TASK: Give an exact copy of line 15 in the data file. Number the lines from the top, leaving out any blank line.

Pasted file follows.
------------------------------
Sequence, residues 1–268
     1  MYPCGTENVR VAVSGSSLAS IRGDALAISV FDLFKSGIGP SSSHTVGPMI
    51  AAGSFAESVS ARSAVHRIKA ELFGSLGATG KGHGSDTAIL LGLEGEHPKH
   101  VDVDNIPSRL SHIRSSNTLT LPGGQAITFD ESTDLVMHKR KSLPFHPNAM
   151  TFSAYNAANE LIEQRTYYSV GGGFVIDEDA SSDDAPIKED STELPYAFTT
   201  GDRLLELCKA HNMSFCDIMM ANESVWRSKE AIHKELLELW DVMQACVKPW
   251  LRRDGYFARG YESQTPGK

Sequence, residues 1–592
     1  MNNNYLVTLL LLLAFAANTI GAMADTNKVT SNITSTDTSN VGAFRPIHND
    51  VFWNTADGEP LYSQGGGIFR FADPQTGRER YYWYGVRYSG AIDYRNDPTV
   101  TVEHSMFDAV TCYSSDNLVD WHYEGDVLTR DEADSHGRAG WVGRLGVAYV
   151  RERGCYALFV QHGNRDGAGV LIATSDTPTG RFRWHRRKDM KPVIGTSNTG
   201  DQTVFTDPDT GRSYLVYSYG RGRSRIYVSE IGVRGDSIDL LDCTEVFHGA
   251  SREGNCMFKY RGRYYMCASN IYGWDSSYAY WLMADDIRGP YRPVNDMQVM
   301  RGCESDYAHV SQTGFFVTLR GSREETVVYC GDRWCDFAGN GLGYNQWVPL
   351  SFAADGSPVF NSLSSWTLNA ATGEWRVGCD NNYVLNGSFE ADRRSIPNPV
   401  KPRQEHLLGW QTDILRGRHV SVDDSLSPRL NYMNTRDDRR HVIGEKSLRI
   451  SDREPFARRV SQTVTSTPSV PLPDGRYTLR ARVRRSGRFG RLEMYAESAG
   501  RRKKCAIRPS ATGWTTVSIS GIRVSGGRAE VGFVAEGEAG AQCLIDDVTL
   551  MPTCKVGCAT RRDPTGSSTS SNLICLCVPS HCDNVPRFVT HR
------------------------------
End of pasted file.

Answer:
   301  RGCESDYAHV SQTGFFVTLR GSREETVVYC GDRWCDFAGN GLGYNQWVPL